Republicans and parents are more likely to support in-person learning, according to a new statewide Boise State University survey.
The sixth edition of Boise State’s Idaho Public Policy Survey was conducted from Nov. 29 through Dec. 3, as public schools across the state continued to wrestle with reopening issues amidst rising coronavirus cases. At the time, three large Treasure Valley school districts — Boise, Nampa and Caldwell — had shifted to online learning.
Boise State researchers asked 1,000 Idahoans about their preferences for K-12 instruction. They found sharp divisions along party lines, and found parents were more likely to support all in-person instruction.
|Preference||All Idahoans||Republicans||Democrats||K-12 parents|
|Mixed learning||43 percent||36 percent||46 percent||38 percent|
|All in-person||33 percent||50 percent||10 percent||42 percent|
|All online||20 percent||8 percent||37 percent||16 percent|
The survey, released last week, found Idahoans divided on the coronavirus — and its effects. In all, 38 percent of Idahoans said they were most concerned about the pandemic’s economic impacts, followed by concerns about the impact on children (31 percent) and health impacts (28 percent).
Here again, researchers found a partisan shift. Thirty-seven percent of Republicans said they were most concerned about the pandemic’s impact on education, compared to 23 percent of Democrats. Republicans were also more likely to express concern about the economic impacts, while Democrats said they were more concerned about the health impacts of the virus.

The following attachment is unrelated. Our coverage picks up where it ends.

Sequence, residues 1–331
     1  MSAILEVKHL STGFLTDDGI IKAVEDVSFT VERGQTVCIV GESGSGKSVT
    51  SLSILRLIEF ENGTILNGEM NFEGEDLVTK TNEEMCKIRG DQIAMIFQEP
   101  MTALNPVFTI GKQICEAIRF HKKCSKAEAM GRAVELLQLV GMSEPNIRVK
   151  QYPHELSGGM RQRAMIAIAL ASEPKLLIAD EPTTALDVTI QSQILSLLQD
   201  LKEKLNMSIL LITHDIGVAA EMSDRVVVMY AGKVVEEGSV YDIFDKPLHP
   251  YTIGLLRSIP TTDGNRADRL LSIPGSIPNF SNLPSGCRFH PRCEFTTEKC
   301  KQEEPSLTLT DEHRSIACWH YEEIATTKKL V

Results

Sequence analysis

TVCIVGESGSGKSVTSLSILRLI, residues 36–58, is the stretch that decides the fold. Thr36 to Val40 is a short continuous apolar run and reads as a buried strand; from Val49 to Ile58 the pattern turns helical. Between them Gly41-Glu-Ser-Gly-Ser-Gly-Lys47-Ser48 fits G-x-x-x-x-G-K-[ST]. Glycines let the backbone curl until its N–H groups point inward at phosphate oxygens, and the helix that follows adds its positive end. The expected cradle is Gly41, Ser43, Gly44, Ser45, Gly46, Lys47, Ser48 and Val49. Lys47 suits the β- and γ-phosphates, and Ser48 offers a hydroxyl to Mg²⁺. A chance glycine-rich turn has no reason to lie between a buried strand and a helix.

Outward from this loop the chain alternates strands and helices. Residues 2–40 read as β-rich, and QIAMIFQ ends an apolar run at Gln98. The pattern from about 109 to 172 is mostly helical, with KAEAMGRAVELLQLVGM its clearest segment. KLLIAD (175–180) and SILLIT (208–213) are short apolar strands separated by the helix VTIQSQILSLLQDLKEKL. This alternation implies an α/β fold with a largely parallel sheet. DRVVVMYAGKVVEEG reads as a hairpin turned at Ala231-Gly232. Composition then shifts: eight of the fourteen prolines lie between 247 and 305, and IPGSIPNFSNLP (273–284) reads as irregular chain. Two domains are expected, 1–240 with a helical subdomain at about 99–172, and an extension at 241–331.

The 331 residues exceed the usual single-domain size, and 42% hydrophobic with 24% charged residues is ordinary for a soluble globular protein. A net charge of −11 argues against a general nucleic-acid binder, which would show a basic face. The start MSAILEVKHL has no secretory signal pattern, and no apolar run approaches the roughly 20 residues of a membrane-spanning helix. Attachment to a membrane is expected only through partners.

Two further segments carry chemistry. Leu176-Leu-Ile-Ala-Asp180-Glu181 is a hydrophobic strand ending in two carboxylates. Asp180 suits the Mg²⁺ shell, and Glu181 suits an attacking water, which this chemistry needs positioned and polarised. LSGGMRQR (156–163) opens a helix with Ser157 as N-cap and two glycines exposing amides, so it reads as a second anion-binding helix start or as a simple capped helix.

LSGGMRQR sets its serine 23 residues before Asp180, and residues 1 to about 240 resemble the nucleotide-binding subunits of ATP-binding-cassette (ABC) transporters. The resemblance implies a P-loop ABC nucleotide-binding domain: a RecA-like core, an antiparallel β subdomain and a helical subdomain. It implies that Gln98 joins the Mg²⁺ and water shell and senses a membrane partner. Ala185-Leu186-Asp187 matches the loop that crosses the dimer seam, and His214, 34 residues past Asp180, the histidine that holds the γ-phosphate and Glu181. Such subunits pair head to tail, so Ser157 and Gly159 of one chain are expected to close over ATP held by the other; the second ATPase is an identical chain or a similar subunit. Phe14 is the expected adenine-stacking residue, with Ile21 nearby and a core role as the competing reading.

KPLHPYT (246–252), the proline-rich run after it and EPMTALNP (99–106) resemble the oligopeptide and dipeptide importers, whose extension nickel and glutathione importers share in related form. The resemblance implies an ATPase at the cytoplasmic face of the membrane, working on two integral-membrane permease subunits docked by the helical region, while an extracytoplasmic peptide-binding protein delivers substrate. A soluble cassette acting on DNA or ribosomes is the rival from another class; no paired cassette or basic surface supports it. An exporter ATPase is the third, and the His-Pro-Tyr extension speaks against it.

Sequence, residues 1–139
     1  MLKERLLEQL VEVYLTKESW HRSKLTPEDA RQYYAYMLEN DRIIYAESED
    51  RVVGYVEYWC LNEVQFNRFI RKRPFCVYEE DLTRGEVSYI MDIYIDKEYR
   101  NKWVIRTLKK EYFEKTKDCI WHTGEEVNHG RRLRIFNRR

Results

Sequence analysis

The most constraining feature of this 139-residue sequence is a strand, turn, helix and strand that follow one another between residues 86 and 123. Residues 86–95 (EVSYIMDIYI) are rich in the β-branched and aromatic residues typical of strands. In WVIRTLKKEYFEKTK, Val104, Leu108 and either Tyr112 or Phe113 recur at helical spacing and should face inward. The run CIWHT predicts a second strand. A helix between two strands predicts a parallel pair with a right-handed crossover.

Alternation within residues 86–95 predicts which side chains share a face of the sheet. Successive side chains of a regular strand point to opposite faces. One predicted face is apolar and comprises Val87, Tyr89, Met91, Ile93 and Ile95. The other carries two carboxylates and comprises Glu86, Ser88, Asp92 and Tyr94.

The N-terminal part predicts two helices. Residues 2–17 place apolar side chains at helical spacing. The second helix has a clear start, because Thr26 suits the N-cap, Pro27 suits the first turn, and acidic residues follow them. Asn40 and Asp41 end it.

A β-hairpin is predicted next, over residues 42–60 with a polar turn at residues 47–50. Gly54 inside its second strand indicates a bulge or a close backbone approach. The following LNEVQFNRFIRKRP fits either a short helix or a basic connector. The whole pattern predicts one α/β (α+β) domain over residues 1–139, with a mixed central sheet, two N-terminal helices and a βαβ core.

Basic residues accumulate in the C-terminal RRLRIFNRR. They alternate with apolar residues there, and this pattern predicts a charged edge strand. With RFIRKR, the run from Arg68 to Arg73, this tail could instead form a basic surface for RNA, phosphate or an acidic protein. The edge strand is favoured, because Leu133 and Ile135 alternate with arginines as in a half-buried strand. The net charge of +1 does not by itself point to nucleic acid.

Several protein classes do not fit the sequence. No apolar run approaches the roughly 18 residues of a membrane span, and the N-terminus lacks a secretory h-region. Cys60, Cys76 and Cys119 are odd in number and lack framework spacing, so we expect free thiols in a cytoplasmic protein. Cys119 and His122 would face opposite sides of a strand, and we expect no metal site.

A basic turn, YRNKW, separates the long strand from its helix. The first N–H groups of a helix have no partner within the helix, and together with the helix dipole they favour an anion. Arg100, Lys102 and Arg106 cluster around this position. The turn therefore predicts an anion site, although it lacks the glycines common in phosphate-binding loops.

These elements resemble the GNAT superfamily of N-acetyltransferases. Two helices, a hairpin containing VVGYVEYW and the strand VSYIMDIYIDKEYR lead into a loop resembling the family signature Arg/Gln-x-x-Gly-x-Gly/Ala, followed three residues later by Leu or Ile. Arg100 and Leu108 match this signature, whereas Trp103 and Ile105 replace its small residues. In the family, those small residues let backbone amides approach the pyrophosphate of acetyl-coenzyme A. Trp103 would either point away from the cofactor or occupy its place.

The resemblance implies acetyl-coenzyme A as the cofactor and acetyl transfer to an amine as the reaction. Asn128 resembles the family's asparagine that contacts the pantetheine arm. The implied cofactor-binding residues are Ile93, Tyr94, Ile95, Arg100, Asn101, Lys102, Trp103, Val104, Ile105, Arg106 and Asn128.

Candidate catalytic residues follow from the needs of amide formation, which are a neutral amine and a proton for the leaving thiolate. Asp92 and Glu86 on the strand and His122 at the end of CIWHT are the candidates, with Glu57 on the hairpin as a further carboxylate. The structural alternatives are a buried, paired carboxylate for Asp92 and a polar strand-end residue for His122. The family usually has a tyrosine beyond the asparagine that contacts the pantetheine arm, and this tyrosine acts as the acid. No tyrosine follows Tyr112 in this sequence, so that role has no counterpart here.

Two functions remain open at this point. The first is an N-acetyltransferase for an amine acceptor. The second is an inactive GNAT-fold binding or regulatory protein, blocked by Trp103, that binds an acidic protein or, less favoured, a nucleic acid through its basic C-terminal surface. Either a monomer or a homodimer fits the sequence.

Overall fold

Despite the pandemic, many general opinions on education didn’t change too much from 2019 to 2020.
- Idahoans again listed education as the most important topic for legislators to address. Respondents were asked to score a variety of issues on a 10-point score; 72 percent gave education a score of eight or higher. A year ago, 74 percent of respondents gave education a score of eight or higher.
- Idahoans gave the K-12 system slightly higher marks in 2020: 35 percent of respondents said the state’s schools were “good” or “excellent,” compared to 28.5 percent a year ago. However, the most common response was “fair.” Thirty-four percent of respondents rated the K-12 system as “fair,” while 23 percent said the system was “poor.”
- Respondents were more likely to give their neighborhood schools high marks: 46 percent said local schools were “good” or “excellent.”
- One change came this year when parents were asked to grade their local schools. This year, 55 percent of parents with K-12 students rated their local schools as “good” or “excellent.” A year ago, only 38 percent of parents with children under 18 rated local schools as “good” or “excellent.”
The Boise State survey uses phone, online and text responses, and is designed to reach a geographic and demographic sample of the population. The responses have a margin of error of about 3 percent.